Supreme Court of India
The State Of Odisha vs Sri Ganesh Chandra Sahoo on 10 January, 2020Author: Hon’Ble Dr. Chandrachud Bench: Hon’Ble Dr. Chandrachud, Hrishikesh Roy [REPORTABLE] IN THE SUPREME COURT OF INDIA CIVIL APPELLATE JURISDICTION CIVIL APPEAL NO. 9514 OF 2019 (Arising out of SLP(C) No.1731 of 2019) State of Odisha & Ors. Appellant(s) Versus Ganesh Chandra Sahoo Respondent(s) JUDGMENT
Hrishikesh Roy, J.
1. The State of Odisha, the Director General & Inspector General of Police and others in the police department have filed this appeal to challenge the judgment and order dated 2.5.2018 in Writ Petition (C)No.7053/2011. In the impugned judgment, the High Court of Orissa has substituted the punishment of discharge for the respondent, to compulsory retirement and to this extent modified the order dated 2.12.2010 whereunder, the Orissa Administrative
Signature Not Verified Digitally signed by
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Tribunal1 had dismissed the O.A.No.1459(C)/2003 filed by the discharged Orderly.
2. Before disciplinary action was taken, the respondent was serving as a Follower Orderly, in the OSAP 4 th Battalion, Rourkela. He secured leave from 25.5.1991 to 4.6.1991 to visit his ailing mother and proceeded to his native village. While on leave, he suffered from cerebral malaria and was admitted in the C.T. Hospital, Cuttack on 31.5.1991 and thereafter he was medically advised to take rest for 2 months. When the respondent applied for leave extension, on 12.6.1991 (Annexure P1), the Commandant directed the respondent to appear before the CDMO, Cuttack for medical examination/treatment and the likely period needed for treatment, was to be intimated to the Commandant. When the respondent failed to appear for the medical test, a second communication was issued on 22.10.1991 in the same line. But since the respondent did not heed those communications and his whereabouts were not intimated even after months of leave expiry, the respondent was sternly directed on 13.3.1992 to have his medical examination done by the CDMO, Cuttack within 7 days of receipt of the letter, to establish the genuineness of his sickness plea or else, he will face departmental action for unauthorized leave overstay.
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3. Following the failure of the respondent to have himself medically examined and resume his duties, the departmental proceeding was initiated against him and the charge memo (26.10.1992) and other relevant documents were duly served upon the respondent, at his native place. The respondent, however, did not submit any explanation and thereafter he refused to accept the notice and the depositions that were sent to him. Because of the non- participation of the delinquent, the proceeding had to be conducted ex parte and the inquiry officer found the respondent guilty of the charge. Accepting the finding of the inquiry officer, the Commandant issued the 2nd show cause notice proposing the penalty of dismissal and eventually, the respondent was discharged from service vide the Battalion order No.4189 dated 30.12.1993 (Annexure P6). The discharge order indicates that the delinquent did not respond to the second show cause notice and in fact the postal department’s endorsement on the body of the envelope indicated that the respondent refused to accept the notice sent by the disciplinary authority.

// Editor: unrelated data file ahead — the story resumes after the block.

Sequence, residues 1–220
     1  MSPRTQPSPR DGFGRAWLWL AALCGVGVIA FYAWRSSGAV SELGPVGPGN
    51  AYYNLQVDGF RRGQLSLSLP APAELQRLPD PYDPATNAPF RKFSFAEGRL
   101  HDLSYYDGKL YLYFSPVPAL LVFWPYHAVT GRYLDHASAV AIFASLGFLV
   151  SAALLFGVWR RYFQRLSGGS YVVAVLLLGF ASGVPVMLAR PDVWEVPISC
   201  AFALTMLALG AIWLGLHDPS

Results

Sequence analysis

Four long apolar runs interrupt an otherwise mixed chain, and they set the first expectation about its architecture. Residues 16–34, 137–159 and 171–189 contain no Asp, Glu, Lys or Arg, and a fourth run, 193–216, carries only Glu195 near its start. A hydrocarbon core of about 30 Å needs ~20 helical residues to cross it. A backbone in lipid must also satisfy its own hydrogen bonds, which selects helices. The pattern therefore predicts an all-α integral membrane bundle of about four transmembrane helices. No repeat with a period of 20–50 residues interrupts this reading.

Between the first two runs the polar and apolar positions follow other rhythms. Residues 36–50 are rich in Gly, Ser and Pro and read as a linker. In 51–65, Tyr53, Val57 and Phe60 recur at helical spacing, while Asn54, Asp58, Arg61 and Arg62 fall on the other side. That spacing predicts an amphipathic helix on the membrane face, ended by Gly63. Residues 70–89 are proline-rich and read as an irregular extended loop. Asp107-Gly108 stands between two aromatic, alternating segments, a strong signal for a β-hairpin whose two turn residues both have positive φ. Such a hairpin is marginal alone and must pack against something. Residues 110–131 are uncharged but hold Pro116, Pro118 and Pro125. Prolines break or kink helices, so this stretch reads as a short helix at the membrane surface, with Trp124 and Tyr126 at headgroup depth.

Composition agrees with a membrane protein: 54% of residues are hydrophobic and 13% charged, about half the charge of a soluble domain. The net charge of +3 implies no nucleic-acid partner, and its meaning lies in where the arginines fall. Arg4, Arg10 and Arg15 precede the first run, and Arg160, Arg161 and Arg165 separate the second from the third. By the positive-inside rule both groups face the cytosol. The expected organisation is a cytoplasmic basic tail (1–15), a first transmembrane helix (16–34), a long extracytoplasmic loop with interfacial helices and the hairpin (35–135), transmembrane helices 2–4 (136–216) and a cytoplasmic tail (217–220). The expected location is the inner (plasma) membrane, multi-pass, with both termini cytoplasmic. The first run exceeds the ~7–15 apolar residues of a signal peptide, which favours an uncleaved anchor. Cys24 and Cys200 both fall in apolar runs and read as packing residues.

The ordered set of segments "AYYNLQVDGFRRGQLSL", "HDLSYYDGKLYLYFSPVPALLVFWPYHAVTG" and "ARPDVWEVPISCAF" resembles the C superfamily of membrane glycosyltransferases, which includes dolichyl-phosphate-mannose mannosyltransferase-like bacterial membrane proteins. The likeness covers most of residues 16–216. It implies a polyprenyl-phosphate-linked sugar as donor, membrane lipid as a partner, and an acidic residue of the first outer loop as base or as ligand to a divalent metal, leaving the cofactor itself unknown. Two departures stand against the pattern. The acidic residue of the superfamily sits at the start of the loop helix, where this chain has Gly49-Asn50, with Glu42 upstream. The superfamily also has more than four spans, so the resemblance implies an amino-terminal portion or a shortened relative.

4. Four years after the discharge order (30.12.1993), the respondent addressed an appeal to the appellant no.2 herein and although the appeal was time barred, the Authority considered the Page 3 of 15
same on merit but rejected the appeal on the ground that disciplinary action was in pursuant to a fair inquiry without any procedural irregularity and the penalty awarded is justified. Following the rejection of his appeal, the respondent addressed a grievance petition to the Chief Minister of Orissa which however was rejected by the Government letter dated 19.9.2000.
5. A decade after the discharge order and three years following the rejection of the grievance petition, the respondent approached the Orissa Administrative Tribunal with O.A. No.1459 (C)/2003 to challenge the disciplinary action. The respondent contended before the Tribunal that he was suffering from mental ailment and therefore he was not in a position to respond to the departmental notices sent to him. In support of his plea of mental incapacity, the respondent furnished the medical certificate dated 21.1.1998 of Dr. G.C. Kar, Professor & Head of the Department, Psychiatry, SCB Medical College, Cuttack, which is in the following terms: “This is to certify that Shri Ganesh Chandra Sahu, 40 years, S/o Shri Sanatan Sahu, Village Gopalpur, P.O. Raghunathpur, P.S./District Jagatsinghpur reported before me with history of mental illness since 3.6.1991 being referred by his area M.L.A. He has been treated for a long period because of repeat cyclic attack of Maniac Depression Psychosis following cerebral malaria from 03.06.91 till date. During Page 4 of 15 the period under treatment he was incapable of taking responsibility and was advised rest.
Reviewing all my past and present examination finding, I am of the opinion that he is fit to take up duty from 22.01.98.
Leave for the period of his absence from Government duty from 03.06.91 till 21.01.98 may please be recommended to him on medical ground.” 6. The Tribunal noted the relevant facts and while adverting to the above medical certificate the Tribunal noticed that the certifying Doctor has not specifically mentioned that for the period covered by his certificate (3.6.1991 – 21.1.1998), the respondent was under his treatment. It was also found to be significant that respondent has not pleaded that he was under treatment of psychiatrist at any time prior to issuance of the medical certificate by the psychiatry specialist. Since the Doctor’s opinion on the patient’s mental health covered about 7 years period, the veracity of the medical certificate was doubted by the Tribunal.
7. In their order, the Tribunal adverted to the manner of conducting the disciplinary proceeding and also the letters and notices addressed to the delinquent-respondent and the refusal by the respondent to receive the communication sent to him by the disciplinary authority. It was then noted that the respondent had Page 5 of 15